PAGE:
A new paper just published in the scientific journal Oryx (2016, 50(1), 104–112) brings evidence that vultures in South Asia are continuing to die due to the illegal use of diclofenac, while they also show that nimesulide, another veterinary drug, may also have a similar effect.
The collapse of South Asia's Gyps vulture populations is well known and thoroughly studied: Since the 1990s, the populations of Indian vulture species have collapsed by more than 99%. In 2003 scientists identified diclofenac, an anti-inflammatory drug (NSAID) used to treat livestock, as the main cause for this decline. Vultures living on the carcasses of animals recently treated with the drug die from severe kidney failure within weeks of ingesting it.
As a result of the evidence, the governments of India, Nepal and Pakistan banned the veterinary use of diclofenac in 2006. However it seems that this has not removed completely diclofenac from the environment – the authors of the paper analysed results of 62 necropsies and 48 NSAID assays of liver and/or kidney for vultures of five species found dead in India between 2000 and 2012 - which includes periods before and after the diclofenac ban, and evaluate changes over time in the prevalence of visceral gout and NSAID contamination in carcasses of vultures found dead in the wild.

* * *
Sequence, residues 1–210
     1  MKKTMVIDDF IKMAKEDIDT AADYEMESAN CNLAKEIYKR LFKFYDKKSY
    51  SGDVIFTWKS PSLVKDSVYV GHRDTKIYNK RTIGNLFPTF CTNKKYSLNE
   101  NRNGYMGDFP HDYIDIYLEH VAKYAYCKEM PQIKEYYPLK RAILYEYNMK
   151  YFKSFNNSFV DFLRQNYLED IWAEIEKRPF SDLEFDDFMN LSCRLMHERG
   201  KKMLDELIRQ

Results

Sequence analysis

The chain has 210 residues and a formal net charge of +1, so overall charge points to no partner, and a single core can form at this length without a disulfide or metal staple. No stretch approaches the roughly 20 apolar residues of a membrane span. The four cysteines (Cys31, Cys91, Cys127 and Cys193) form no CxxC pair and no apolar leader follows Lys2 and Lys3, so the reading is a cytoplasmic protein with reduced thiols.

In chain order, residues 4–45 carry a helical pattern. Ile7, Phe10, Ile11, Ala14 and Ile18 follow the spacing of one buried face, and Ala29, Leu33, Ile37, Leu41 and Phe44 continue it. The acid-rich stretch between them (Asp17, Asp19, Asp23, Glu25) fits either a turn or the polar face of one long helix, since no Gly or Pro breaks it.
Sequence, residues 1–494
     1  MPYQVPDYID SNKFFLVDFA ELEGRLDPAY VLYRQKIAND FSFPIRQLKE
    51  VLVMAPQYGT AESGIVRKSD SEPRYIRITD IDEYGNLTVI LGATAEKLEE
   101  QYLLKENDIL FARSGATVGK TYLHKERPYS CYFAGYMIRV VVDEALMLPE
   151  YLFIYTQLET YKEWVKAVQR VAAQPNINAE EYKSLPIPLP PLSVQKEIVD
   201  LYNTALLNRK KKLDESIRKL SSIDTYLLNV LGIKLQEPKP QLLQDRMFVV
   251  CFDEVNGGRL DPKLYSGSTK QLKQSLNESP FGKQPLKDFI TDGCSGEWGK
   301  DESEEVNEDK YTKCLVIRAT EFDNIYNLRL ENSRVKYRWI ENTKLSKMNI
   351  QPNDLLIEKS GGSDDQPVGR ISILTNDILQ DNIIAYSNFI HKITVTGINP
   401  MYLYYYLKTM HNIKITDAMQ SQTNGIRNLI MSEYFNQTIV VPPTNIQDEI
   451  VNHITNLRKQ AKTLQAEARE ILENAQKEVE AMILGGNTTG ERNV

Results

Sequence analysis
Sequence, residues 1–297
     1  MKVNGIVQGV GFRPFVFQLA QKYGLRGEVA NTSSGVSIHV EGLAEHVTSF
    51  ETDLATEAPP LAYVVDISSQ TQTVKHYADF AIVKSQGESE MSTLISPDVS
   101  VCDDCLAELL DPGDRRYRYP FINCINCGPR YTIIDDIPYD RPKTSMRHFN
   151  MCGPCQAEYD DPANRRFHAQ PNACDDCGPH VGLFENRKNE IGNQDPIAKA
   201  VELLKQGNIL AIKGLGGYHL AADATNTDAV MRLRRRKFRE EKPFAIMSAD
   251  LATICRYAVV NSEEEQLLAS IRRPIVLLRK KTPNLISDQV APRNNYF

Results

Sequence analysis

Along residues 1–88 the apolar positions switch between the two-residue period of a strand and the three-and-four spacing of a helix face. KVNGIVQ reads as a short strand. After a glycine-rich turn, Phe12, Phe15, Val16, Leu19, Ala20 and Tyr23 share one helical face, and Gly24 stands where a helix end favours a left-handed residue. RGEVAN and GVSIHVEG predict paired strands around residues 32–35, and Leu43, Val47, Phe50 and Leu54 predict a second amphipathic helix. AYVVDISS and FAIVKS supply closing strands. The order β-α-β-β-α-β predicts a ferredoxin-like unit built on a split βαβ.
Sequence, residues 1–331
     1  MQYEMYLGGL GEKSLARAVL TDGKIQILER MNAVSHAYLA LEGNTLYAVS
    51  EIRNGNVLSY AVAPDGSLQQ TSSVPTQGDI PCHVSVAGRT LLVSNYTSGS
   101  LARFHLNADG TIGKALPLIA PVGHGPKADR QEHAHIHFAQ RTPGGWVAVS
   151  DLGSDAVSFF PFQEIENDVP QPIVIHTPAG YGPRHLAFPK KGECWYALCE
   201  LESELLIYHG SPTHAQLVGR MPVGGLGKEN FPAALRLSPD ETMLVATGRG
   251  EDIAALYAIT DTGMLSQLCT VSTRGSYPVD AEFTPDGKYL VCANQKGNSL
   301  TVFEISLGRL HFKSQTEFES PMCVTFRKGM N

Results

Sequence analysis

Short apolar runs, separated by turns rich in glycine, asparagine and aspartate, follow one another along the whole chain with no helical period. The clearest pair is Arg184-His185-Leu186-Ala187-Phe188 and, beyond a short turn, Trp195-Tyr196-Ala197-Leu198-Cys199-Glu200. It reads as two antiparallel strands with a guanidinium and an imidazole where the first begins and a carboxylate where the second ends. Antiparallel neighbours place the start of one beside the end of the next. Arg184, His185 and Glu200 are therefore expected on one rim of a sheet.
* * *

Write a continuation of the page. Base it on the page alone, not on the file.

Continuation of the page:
The authors found diclofenac in vultures even after the ban went into force. They also fond nimesulide at elevated tissue concentrations in five vultures, and in four of those the birds had visceral gout, a well-known symptom of diclofenac poisoning, suggesting that nimesulide may have similar toxic effects to those of diclofenac.
Although banned in India for veterinary use, diclofenac is still available for human prescriptions, and in many places people compile large enough vials and use them for cattle, such was the ingrained habit of prescribing veterinary diclofenac to animals.
The results in the paper indicate that diclofenac remained a significant cause of mortality for India’s vultures and that the drug has continued to kill birds long after the regulations to prevent its veterinary use. The proportion of Gyps vultures found dead in the wild in India that had measurable levels of diclofenac in their tissues showed only a small and non-significant decline in the years following the ban on the veterinary use of diclofenac.
The authors also concluded that the veterinary use of nimesulide is a potential threat to the recovery of vulture populations.
This data is worrying news for European vultures, that have been recovering on the last few decades following conservation action - loopholes in European law resulted in the approval of veterinary diclofenac for commercial sale in five European countries, including Spain, where 90% of European vultures live. The VCF and others have been trying to ban the drug from the EU – so far unsuccessfully. The European Medicines Agency confirmed in December 2014 that diclofenac can put vultures in the European Union at risk, but rather than banning the drug the European Commission decided to deal with this threat by suggesting mitigation matters that would prevent the contamination of the vulture food chain by this veterinary dug. The VCF and others think these are unrealistic and it is only a matter of time before diclofenac starts to kill vultures in Europe, once the drug becomes more widespread.
If in South Asia diclofenac – now legally banned there – is still killing vultures, the future of European vultures – where diclofenac is freely available - may be at risk.
You can download the paper below.